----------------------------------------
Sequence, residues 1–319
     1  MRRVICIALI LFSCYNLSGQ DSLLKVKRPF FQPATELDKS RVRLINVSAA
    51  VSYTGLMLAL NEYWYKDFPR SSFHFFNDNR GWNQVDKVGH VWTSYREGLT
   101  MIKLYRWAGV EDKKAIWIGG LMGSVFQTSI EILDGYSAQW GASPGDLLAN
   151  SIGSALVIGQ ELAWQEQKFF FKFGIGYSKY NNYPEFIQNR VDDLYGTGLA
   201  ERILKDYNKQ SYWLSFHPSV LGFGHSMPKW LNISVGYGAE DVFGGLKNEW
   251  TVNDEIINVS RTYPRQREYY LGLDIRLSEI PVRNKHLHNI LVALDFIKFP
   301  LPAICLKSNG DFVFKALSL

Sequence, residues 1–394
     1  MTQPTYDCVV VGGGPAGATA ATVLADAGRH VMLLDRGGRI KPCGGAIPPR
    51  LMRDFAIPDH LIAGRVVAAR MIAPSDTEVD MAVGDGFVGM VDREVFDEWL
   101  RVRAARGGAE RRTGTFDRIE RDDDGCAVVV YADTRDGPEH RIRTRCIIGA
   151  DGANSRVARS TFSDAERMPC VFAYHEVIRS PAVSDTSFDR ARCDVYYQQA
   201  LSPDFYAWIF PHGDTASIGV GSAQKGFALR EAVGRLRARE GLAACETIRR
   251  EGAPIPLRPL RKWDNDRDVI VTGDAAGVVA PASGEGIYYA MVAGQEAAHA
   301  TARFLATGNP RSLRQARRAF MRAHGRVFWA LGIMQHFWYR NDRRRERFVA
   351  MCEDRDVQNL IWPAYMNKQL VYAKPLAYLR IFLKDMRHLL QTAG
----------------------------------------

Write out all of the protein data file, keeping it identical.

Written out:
Sequence, residues 1–319
     1  MRRVICIALI LFSCYNLSGQ DSLLKVKRPF FQPATELDKS RVRLINVSAA
    51  VSYTGLMLAL NEYWYKDFPR SSFHFFNDNR GWNQVDKVGH VWTSYREGLT
   101  MIKLYRWAGV EDKKAIWIGG LMGSVFQTSI EILDGYSAQW GASPGDLLAN
   151  SIGSALVIGQ ELAWQEQKFF FKFGIGYSKY NNYPEFIQNR VDDLYGTGLA
   201  ERILKDYNKQ SYWLSFHPSV LGFGHSMPKW LNISVGYGAE DVFGGLKNEW
   251  TVNDEIINVS RTYPRQREYY LGLDIRLSEI PVRNKHLHNI LVALDFIKFP
   301  LPAICLKSNG DFVFKALSL

Sequence, residues 1–394
     1  MTQPTYDCVV VGGGPAGATA ATVLADAGRH VMLLDRGGRI KPCGGAIPPR
    51  LMRDFAIPDH LIAGRVVAAR MIAPSDTEVD MAVGDGFVGM VDREVFDEWL
   101  RVRAARGGAE RRTGTFDRIE RDDDGCAVVV YADTRDGPEH RIRTRCIIGA
   151  DGANSRVARS TFSDAERMPC VFAYHEVIRS PAVSDTSFDR ARCDVYYQQA
   201  LSPDFYAWIF PHGDTASIGV GSAQKGFALR EAVGRLRARE GLAACETIRR
   251  EGAPIPLRPL RKWDNDRDVI VTGDAAGVVA PASGEGIYYA MVAGQEAAHA
   301  TARFLATGNP RSLRQARRAF MRAHGRVFWA LGIMQHFWYR NDRRRERFVA
   351  MCEDRDVQNL IWPAYMNKQL VYAKPLAYLR IFLKDMRHLL QTAG